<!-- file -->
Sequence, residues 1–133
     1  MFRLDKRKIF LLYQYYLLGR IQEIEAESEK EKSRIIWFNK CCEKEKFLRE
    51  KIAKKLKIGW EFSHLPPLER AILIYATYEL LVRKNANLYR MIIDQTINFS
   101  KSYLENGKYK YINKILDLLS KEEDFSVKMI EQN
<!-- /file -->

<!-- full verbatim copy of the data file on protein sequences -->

Sequence, residues 1–133
     1  MFRLDKRKIF LLYQYYLLGR IQEIEAESEK EKSRIIWFNK CCEKEKFLRE
    51  KIAKKLKIGW EFSHLPPLER AILIYATYEL LVRKNANLYR MIIDQTINFS
   101  KSYLENGKYK YINKILDLLS KEEDFSVKMI EQN